“On weekends, I’d run around with this ragamuffin gang of friends, but at a certain point in the day I would break off and go and hide somewhere. I really enjoyed just being alone,” he said. “What’s wrong with being alone?”

At a child’s birthday party in Madison, Wis., a few months ago, Carrie Kilman found herself chatting with a man who’d brought his two kids to the celebration. He nodded toward Kilman’s 3-year-old daughter and asked: Did she have siblings?

“I said, ‘We’re happily a family of three,’ ” Kilman said.

“And he gave me this really knowing look that was more than a little patronizing, and he literally just said: ‘Trust me, you’ll change your mind. As she grows up, you’re going to want to give her a sibling.’ ”

Kilman sighed. “I’ve gotten this before, several times. It usually comes from men.”

A survey from 1896

Experts generally agree that we can trace the so-called “Only Child Syndrome” to Granville Stanley Hall, a pre-eminent child psychology expert who was appointed the first president of the American Psychological Association in 1892. It was Hall’s decidedly unscientific 1896 survey of “peculiar and exceptional children” that led him to famously declare that “being an only child is a disease in itself.”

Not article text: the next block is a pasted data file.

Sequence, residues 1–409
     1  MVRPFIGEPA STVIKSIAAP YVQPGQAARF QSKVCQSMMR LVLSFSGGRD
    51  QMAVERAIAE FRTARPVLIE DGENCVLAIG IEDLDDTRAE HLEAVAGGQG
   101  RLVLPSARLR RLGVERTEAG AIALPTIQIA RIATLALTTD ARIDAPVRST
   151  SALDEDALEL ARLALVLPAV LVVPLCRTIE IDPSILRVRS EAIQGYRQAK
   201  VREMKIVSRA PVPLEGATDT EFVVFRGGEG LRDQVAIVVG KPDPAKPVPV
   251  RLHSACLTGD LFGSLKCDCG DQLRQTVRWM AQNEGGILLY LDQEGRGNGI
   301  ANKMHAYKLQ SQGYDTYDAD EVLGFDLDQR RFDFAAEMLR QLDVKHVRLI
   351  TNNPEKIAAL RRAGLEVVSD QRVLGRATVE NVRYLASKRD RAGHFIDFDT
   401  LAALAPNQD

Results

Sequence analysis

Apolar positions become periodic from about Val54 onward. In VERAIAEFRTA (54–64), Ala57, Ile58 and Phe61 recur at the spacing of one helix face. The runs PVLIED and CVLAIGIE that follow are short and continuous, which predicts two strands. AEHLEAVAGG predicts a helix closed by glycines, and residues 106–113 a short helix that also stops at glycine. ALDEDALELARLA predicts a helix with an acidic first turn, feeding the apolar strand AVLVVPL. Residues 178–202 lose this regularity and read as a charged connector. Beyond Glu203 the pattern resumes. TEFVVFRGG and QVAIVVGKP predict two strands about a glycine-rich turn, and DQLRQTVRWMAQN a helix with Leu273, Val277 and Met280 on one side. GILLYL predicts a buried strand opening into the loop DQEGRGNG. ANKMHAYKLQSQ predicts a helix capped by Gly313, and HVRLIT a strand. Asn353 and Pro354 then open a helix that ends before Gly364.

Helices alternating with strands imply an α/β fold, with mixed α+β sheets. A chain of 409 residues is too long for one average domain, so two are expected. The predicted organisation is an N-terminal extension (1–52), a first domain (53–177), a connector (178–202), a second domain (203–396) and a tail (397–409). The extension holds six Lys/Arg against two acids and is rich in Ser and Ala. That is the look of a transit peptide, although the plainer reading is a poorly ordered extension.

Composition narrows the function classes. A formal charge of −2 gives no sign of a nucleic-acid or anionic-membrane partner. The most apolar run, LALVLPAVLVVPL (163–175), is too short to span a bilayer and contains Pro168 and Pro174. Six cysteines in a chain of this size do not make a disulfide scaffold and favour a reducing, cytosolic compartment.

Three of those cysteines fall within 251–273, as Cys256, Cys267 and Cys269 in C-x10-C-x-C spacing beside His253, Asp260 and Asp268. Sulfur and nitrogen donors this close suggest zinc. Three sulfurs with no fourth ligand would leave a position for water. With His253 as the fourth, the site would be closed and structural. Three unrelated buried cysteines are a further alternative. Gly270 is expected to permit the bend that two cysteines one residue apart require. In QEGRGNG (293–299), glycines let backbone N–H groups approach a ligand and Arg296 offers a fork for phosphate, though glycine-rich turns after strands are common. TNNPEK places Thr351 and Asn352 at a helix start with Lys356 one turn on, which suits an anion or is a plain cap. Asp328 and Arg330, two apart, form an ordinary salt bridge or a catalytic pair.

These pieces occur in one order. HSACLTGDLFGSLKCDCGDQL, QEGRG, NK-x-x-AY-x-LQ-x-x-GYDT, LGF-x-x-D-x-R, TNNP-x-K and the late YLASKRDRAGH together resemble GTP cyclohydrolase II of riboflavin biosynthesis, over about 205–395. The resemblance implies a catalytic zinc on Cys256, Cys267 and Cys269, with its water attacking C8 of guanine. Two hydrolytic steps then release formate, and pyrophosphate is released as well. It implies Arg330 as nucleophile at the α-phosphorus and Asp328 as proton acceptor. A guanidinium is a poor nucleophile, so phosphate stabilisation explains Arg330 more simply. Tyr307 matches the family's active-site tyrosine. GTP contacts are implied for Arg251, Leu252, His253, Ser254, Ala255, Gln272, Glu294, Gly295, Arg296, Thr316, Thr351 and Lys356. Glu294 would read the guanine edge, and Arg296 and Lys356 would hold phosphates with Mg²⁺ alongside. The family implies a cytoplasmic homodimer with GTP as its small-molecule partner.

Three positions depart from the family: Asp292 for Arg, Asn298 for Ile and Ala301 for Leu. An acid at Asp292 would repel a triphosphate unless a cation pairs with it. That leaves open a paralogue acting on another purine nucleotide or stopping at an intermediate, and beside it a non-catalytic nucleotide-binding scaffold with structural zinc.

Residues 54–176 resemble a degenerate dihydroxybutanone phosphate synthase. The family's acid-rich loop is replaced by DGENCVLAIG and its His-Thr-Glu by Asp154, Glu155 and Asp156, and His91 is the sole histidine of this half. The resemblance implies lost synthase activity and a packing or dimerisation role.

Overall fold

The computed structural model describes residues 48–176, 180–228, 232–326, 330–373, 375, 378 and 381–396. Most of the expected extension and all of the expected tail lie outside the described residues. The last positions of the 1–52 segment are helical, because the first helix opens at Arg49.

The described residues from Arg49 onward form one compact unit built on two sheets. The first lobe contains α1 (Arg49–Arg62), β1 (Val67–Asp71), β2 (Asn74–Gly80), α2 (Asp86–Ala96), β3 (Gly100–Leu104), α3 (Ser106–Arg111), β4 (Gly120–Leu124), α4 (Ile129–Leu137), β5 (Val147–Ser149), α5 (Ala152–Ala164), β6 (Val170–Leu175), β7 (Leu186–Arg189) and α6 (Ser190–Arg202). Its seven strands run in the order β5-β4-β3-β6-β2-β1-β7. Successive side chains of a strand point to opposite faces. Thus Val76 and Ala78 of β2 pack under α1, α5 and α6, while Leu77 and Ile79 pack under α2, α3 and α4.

“His study was done in an era where children were quite isolated, they lived on farms with great distances between them, they had great workloads, and they didn’t interact with other children the way children do today,” said Susan Newman, a social psychologist and author who has researched only children. “He concluded that only children are selfish, they’re lonely, they have more imaginary friends than other children — which is absolutely not true.”

Hall’s theories ultimately were debunked by an onslaught of credible research in the decades that followed. Studies going back as far as 1925 have concluded that only children are virtually indistinguishable from other children in terms of personality.